Perhaps the most intriguing question that the programme hinted at (and, perhaps for legal reasons, wasn’t fully able to investigate) was the extent to which the tentacles of the London Nominees Football Fund may reach into British football. Nine clubs – Sheffield United, Leeds United, Leicester City, Cardiff City, Sheffield Wednesday, Oxford United, Derby County, Birmingham City and Crystal Palace – were named throughout the course of this evening’s broadcast, a number that makes up one-eighth of all of the seventy-two members of the Football League. Was the company really able to facilitate a purchase of these clubs? How much of this was mere braggadocio on the part of Robson, Sim et al? Perhaps Sim could tell us, for example, what Ken Bates couldn’t – namely, who the people were that Bates bought Leeds United from earlier this year. It seems unlikely that we will find out the answer to questions such as this at any point in the immediate future.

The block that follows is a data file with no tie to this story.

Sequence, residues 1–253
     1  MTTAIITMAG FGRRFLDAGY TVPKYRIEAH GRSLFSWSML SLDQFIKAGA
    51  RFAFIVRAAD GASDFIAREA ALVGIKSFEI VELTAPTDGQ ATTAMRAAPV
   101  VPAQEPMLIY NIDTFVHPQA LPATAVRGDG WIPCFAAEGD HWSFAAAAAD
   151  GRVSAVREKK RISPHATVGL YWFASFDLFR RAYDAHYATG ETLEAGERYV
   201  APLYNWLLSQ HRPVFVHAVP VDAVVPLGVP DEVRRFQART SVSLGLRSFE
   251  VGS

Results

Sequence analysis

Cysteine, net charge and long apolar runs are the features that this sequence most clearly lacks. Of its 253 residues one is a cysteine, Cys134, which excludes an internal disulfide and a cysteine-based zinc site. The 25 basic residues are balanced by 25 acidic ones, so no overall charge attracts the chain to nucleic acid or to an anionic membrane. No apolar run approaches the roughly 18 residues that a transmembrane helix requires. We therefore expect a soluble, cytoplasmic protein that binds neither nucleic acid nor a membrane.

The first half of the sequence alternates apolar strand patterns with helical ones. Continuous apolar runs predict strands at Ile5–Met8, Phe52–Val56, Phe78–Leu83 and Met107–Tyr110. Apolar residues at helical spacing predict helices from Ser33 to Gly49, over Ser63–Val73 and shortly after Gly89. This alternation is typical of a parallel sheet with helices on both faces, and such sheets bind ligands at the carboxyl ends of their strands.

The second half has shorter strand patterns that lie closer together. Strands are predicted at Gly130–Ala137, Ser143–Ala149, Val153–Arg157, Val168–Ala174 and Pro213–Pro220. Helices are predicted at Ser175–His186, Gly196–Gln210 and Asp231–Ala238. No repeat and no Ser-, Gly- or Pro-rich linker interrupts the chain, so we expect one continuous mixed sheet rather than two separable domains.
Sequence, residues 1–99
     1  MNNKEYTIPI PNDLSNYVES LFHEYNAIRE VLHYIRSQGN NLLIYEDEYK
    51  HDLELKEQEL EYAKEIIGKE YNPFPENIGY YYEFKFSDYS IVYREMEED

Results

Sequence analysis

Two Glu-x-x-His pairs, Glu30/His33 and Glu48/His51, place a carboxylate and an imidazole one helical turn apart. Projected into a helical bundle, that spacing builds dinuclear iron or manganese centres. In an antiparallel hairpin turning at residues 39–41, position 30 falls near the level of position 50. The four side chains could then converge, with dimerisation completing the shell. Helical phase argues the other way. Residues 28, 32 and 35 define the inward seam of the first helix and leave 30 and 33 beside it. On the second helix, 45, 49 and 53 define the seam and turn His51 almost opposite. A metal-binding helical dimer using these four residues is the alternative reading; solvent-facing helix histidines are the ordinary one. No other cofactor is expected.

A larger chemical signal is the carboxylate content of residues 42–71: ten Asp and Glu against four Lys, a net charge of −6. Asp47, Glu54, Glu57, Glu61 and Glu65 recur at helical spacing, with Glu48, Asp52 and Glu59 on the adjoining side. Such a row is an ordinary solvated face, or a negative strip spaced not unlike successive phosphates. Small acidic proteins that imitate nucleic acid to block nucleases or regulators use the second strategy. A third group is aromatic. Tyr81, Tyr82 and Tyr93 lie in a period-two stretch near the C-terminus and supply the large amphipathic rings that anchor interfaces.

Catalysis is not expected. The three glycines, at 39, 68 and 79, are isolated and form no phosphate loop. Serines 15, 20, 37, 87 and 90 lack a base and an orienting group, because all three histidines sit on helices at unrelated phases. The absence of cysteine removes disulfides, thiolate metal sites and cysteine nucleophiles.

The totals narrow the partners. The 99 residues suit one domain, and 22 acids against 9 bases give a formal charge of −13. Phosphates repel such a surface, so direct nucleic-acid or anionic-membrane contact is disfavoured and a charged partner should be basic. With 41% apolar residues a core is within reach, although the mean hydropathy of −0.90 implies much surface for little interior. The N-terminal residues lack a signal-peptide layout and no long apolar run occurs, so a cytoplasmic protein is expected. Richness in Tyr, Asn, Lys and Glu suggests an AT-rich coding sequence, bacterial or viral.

Similarly, the links between Sim and Alex Ferguson were possibly somewhat overstated. That there is (or was) some sort of link between the two seems plausible, but whether this in itself suggests any improper behaviour on Ferguson’s part is a different matter altogether, and on the basis of what we saw this evening Ferguson has little to be concerned about from tonight’s programme. He may, however, wish to disassociate himself from Sim at the earliest opportunity, and it would be unsurprising if there was a press statement from the West Coast of the USA, where Ferguson is currently staying with his team, in the next couple of days or so. The main story of this evening’s show, however, was somewhat less glamorous than Alex Ferguson or Manchester United. This was about the chase for the money that a spell in the Premier League can offer and the desire to speculate and profit from our game and, at the very end of the line, us.